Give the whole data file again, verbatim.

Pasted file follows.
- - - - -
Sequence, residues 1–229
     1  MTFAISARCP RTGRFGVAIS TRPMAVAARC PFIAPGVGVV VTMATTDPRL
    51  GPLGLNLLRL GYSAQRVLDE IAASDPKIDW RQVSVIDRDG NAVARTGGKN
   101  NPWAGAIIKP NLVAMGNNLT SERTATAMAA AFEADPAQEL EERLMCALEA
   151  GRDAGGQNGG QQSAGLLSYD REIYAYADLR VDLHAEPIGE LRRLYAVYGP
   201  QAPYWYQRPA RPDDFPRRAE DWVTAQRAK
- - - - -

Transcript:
Sequence, residues 1–229
     1  MTFAISARCP RTGRFGVAIS TRPMAVAARC PFIAPGVGVV VTMATTDPRL
    51  GPLGLNLLRL GYSAQRVLDE IAASDPKIDW RQVSVIDRDG NAVARTGGKN
   101  NPWAGAIIKP NLVAMGNNLT SERTATAMAA AFEADPAQEL EERLMCALEA
   151  GRDAGGQNGG QQSAGLLSYD REIYAYADLR VDLHAEPIGE LRRLYAVYGP
   201  QAPYWYQRPA RPDDFPRRAE DWVTAQRAK